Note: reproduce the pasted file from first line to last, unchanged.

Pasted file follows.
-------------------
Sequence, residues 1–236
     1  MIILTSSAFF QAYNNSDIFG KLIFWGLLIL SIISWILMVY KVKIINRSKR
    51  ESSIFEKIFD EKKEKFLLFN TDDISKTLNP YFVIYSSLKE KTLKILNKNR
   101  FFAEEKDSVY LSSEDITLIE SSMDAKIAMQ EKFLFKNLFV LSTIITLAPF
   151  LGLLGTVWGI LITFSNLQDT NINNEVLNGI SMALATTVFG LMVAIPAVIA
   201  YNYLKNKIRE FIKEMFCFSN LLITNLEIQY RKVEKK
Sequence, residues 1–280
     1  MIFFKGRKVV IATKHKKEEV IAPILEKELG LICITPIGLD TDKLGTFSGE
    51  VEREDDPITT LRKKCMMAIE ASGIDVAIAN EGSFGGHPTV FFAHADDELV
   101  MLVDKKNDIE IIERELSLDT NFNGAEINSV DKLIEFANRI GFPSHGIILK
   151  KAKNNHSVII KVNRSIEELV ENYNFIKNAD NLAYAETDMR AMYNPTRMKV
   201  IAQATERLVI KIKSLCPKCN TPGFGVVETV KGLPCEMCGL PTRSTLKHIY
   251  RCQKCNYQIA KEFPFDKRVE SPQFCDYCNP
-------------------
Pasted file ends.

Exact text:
Sequence, residues 1–236
     1  MIILTSSAFF QAYNNSDIFG KLIFWGLLIL SIISWILMVY KVKIINRSKR
    51  ESSIFEKIFD EKKEKFLLFN TDDISKTLNP YFVIYSSLKE KTLKILNKNR
   101  FFAEEKDSVY LSSEDITLIE SSMDAKIAMQ EKFLFKNLFV LSTIITLAPF
   151  LGLLGTVWGI LITFSNLQDT NINNEVLNGI SMALATTVFG LMVAIPAVIA
   201  YNYLKNKIRE FIKEMFCFSN LLITNLEIQY RKVEKK
Sequence, residues 1–280
     1  MIFFKGRKVV IATKHKKEEV IAPILEKELG LICITPIGLD TDKLGTFSGE
    51  VEREDDPITT LRKKCMMAIE ASGIDVAIAN EGSFGGHPTV FFAHADDELV
   101  MLVDKKNDIE IIERELSLDT NFNGAEINSV DKLIEFANRI GFPSHGIILK
   151  KAKNNHSVII KVNRSIEELV ENYNFIKNAD NLAYAETDMR AMYNPTRMKV
   201  IAQATERLVI KIKSLCPKCN TPGFGVVETV KGLPCEMCGL PTRSTLKHIY
   251  RCQKCNYQIA KEFPFDKRVE SPQFCDYCNP